Background: Stress fractures are frequent injuries among athletes. In vitro, decreases in pH stimulate osteoclasts and inhibit osteoblasts. We hypothesized that exercise-induced lactacidosis stimulates osteoclasts and reduces osteoblast activity in vivo.
Methods: A total of 32 volunteers (MA, male athletes; MCo, male controls; female athletes; and female controls) performed three 60-min cycle ergometer tests at 75%, 95% and 110% of their individual anaerobic threshold (IAT). Blood was taken before and at 3 and 24 h after exercise. Osteocalcin (OC), pro-collagen type I N-terminal peptide (PINP), C-terminal telopeptides of collagen I (CTx) and tartrate-resistant acid phosphatase (TRAP) were measured.
Results: At 75% and 95% IAT, pH did not change. At 110% IAT, pH decreased in MA by 0.08 units (p=0.041) and in MCo by 0.03 units (p=0.017). The pH results were substantiated by circulating lactate concentrations. The bone resorption markers TRAP and CTx were not consistently modified by any of the exercise tests. Exercise at 75% decreased OC and PINP in all groups. Exercise at 95% and 110% did not induce homogeneous effects.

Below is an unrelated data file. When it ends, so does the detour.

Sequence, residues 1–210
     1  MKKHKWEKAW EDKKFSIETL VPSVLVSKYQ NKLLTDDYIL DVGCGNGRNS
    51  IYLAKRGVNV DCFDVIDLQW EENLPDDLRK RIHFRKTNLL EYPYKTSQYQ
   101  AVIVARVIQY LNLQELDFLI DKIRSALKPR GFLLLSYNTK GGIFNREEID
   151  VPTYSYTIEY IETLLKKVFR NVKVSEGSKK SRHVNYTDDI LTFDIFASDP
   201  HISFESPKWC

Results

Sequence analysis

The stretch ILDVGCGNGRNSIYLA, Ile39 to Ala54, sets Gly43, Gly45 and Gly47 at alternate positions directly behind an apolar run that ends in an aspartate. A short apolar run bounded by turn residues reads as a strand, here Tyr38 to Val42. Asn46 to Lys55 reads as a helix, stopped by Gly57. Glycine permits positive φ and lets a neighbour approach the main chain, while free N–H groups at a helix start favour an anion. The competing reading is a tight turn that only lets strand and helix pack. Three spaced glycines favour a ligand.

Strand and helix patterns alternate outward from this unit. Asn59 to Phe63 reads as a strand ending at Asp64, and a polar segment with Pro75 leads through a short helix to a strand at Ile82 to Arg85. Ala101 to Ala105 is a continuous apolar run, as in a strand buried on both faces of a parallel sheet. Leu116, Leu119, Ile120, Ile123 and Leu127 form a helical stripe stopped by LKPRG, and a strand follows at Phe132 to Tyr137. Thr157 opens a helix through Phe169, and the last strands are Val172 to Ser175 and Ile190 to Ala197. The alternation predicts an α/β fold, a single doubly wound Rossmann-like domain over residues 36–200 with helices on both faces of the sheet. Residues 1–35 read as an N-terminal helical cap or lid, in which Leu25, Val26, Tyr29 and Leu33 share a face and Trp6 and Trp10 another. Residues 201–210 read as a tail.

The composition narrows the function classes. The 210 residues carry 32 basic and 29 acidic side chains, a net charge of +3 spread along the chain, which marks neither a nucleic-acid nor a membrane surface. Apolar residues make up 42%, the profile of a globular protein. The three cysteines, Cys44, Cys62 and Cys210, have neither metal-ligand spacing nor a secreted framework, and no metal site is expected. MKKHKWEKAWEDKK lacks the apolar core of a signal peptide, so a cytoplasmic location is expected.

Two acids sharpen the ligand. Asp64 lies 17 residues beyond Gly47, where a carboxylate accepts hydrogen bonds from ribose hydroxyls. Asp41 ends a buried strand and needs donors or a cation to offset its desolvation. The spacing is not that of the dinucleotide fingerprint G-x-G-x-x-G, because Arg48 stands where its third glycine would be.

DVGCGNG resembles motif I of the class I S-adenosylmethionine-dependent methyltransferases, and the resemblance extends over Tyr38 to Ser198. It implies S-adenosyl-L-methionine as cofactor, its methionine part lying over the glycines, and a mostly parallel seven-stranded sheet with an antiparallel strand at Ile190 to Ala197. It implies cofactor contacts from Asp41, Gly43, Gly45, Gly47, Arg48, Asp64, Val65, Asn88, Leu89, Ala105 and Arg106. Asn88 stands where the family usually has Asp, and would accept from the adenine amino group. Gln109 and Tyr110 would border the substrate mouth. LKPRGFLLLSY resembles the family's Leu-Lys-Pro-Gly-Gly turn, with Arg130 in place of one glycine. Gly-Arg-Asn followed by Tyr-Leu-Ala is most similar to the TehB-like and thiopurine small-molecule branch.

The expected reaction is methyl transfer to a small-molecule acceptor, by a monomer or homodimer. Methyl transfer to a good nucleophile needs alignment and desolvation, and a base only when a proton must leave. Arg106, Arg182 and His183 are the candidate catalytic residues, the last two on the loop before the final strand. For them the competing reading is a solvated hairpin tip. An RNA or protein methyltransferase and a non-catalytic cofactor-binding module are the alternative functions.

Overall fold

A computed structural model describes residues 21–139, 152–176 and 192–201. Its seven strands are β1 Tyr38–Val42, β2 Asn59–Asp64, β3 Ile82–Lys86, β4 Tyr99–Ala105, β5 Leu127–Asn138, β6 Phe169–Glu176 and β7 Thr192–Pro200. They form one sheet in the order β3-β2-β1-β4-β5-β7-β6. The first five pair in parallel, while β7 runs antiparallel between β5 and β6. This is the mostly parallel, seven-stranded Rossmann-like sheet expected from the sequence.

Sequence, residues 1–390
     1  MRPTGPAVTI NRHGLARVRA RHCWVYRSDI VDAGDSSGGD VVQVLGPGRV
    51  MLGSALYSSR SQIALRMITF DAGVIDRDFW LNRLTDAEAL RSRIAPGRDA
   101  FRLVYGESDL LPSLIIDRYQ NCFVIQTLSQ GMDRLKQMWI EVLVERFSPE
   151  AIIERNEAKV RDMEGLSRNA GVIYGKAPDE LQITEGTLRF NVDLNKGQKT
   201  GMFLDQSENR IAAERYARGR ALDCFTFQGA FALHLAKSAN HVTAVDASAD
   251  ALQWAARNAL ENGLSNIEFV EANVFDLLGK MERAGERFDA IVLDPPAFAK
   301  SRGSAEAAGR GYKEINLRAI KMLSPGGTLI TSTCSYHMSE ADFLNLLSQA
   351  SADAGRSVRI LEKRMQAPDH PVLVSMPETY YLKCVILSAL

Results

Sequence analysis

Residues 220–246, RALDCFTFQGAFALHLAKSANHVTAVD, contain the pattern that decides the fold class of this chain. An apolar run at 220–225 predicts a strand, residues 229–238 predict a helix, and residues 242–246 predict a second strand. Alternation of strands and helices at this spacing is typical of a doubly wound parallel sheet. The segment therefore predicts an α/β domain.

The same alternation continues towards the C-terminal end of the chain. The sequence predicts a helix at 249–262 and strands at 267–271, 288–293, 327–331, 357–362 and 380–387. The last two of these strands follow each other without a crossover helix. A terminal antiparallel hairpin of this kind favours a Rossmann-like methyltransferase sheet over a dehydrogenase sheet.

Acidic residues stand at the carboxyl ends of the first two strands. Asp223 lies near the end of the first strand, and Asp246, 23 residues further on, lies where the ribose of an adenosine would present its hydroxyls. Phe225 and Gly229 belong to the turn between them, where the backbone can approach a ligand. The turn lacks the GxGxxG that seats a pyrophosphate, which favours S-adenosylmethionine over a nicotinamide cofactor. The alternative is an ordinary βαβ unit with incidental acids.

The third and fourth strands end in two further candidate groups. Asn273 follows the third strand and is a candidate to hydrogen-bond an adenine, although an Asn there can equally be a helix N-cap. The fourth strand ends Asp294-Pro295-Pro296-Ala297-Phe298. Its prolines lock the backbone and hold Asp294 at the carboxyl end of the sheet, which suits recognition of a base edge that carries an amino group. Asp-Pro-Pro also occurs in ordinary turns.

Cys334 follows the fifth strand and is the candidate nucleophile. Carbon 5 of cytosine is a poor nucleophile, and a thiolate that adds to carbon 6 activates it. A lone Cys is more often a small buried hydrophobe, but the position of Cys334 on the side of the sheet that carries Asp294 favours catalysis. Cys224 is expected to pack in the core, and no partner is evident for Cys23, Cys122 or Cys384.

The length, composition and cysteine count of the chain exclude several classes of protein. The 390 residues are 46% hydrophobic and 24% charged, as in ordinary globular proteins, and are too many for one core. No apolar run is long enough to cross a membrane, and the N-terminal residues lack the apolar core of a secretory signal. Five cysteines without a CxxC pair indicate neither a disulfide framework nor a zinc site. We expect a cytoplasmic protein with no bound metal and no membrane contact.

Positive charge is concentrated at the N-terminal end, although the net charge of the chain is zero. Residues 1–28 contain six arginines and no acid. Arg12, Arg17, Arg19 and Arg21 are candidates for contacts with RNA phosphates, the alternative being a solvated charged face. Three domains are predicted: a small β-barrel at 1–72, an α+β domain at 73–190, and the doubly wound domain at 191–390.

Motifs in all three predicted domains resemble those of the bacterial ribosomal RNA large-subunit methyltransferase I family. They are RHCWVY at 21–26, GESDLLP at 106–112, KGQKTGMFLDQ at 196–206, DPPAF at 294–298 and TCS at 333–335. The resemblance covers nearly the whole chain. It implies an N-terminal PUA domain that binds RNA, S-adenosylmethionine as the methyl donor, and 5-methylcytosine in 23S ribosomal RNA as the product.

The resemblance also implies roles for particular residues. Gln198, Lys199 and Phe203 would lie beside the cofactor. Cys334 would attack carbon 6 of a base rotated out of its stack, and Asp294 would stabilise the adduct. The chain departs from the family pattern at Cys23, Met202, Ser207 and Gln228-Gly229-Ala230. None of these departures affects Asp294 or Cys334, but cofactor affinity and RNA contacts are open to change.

Conclusions: Anaerobic exercise does not systemically affect bone turnover, suggesting that exercise-induced acidosis is not involved in the pathogenesis of stress fractures.
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